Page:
One of the biggest games in world football was due to take place on Sunday May 2nd at Old Trafford between global powerhouses Manchester United and Liverpool. This rivalry between two cities at the heart of northern industrial Britain dates back to the building of the Manchester ship canal in 1893. In more modern times this rivalry is one, not of capitalist supremacy, but of supremacy on the football pitch. This is one of the most passionate games in world football and it is watched by millions.
However, as we now know, this game didn’t take place as planned on Sunday. It was called off due to a large scale protest by aggrieved Manchester United supporters. The well publicised protest was in relation to the ownership of Manchester United. Like many Premier League clubs, they’re owned by foreign billionaires who don’t particularly have an interest in football but have an interest in a global branding, in marketing and in accumulating as much capital as possible.
The Glazer family, American billionaires who own the NFL franchise the Tampa Bay Buccaneers, own Manchester United. They took control of the club in 2005 and immediately saddled the club with £525m in debt. Using a leveraged takeover, an aggressive strategy used regularly in the US, the Glazer’s had burdened the club with the capital they borrowed to fund their takeover.
This was, unsurprisingly, met with a huge amount of anger. Manchester United fans immediately started “Love United, Hate Glazer’s” protests which lasted years. A group of supporters even set up a Phoenix club in the lower leagues of English football, FC United of Manchester, in 2005. In 2010 many supporters ditched their club’s famous red, white black scarves for the original colours of yellow and green. These were colours of the club’s forerunner, Newton Heath, in protest at the clubs owners and a nostalgic look back that their humble beginnings. Protests at games were commonplace, inside and outside the stadium. Boycott’s and walk outs were frequent. While this was ongoing the Glazer’s were still increasing the club’s debt and were extracting millions from the club in the form of “management and administration fees”.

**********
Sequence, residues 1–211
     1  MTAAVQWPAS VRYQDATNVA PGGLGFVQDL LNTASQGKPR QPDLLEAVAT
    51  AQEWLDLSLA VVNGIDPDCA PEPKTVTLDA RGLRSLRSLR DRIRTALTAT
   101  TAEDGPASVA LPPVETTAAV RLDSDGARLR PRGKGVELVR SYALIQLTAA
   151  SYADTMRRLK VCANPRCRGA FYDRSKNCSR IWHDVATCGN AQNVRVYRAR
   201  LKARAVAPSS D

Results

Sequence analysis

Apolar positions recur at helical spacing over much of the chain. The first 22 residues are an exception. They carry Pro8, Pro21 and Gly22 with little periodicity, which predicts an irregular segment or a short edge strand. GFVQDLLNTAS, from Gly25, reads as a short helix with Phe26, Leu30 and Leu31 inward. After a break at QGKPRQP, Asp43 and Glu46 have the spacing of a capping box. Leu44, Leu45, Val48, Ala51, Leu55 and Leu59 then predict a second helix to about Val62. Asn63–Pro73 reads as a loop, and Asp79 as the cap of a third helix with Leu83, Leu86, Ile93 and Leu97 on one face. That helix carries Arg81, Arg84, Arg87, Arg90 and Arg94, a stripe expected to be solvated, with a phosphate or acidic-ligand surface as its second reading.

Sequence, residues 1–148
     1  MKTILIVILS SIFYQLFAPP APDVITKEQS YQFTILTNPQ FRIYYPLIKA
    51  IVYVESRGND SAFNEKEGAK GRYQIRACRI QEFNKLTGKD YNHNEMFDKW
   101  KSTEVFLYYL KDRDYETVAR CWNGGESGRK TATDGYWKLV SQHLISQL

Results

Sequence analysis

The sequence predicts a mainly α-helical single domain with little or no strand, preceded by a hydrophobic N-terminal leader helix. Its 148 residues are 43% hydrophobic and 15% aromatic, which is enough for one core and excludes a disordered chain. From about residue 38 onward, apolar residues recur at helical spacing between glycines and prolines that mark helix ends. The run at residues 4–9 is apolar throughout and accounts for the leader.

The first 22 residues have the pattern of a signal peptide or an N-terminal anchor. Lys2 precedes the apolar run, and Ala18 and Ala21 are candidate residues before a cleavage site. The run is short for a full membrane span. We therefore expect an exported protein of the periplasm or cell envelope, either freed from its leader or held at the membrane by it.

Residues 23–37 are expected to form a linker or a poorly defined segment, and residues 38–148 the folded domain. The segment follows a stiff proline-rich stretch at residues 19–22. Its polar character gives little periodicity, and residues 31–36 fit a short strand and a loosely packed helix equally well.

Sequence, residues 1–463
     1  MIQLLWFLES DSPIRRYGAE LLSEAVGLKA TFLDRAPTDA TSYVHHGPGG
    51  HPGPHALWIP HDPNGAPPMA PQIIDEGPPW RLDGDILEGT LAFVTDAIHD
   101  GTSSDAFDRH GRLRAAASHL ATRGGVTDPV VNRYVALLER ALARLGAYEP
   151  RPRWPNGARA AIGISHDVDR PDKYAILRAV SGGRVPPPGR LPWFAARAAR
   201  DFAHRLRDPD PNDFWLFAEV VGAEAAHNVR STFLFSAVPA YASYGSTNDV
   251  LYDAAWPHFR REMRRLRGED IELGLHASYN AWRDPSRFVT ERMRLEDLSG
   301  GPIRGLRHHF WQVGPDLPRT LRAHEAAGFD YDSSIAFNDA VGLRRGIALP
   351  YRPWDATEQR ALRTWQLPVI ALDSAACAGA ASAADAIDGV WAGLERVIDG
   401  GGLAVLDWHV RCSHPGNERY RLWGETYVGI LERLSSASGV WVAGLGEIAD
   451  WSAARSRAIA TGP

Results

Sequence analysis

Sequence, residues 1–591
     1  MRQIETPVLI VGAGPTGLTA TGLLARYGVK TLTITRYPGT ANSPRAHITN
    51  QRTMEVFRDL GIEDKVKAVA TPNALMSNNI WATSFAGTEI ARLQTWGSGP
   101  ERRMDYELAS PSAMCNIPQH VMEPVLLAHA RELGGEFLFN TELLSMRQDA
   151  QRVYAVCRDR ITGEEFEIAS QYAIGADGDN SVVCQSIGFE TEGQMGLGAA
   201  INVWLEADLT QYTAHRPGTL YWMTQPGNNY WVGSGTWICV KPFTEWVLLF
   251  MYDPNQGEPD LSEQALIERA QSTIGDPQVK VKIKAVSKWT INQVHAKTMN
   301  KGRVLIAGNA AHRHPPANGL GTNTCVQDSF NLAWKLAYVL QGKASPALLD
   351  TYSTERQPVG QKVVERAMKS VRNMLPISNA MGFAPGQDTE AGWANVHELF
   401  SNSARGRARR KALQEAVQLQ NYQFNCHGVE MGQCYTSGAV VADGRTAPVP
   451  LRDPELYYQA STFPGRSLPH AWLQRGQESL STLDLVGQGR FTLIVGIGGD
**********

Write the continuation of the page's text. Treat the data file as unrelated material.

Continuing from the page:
In more recent years these protests became less frequent but the anger and dislike of the Glazer’s is still apparent. The flames of this new wave of protest was fanned by the recent proposal of a European Super League (ESL). A league where 20 of the best clubs in Europe (read most marketable and potentially the most profitable clubs), including United, would join a closed league where prize money would increase for all it’s members without interference from European football’s governing body UEFA. This was met with almost universal anger. Due to supporters pressure and large protests, clubs were forced to backtrack on this proposal within 48 hours of the plans coming to light . As an aside, this proposal may be on hold but it won’t be going away for good.
This leads us on to Sunday’s protest. Sky Sports were due to show this game. They’re owned by media billionaire Rupert Murdoch. Sky are one of the main reasons why the Premier League, which was a breakaway league itself, was set up in the first place and why it’s such a massive global brand. They have pumped billions in to the Premier League since it’s inception in 1992. Obscene money beyond the wildest dreams of founding members. This has changed the landscape of football entirely. Interestingly when supporters were on the streets during the ESL protests just a few weeks ago, Sky were speaking of how “football had been saved”, ad nauseum.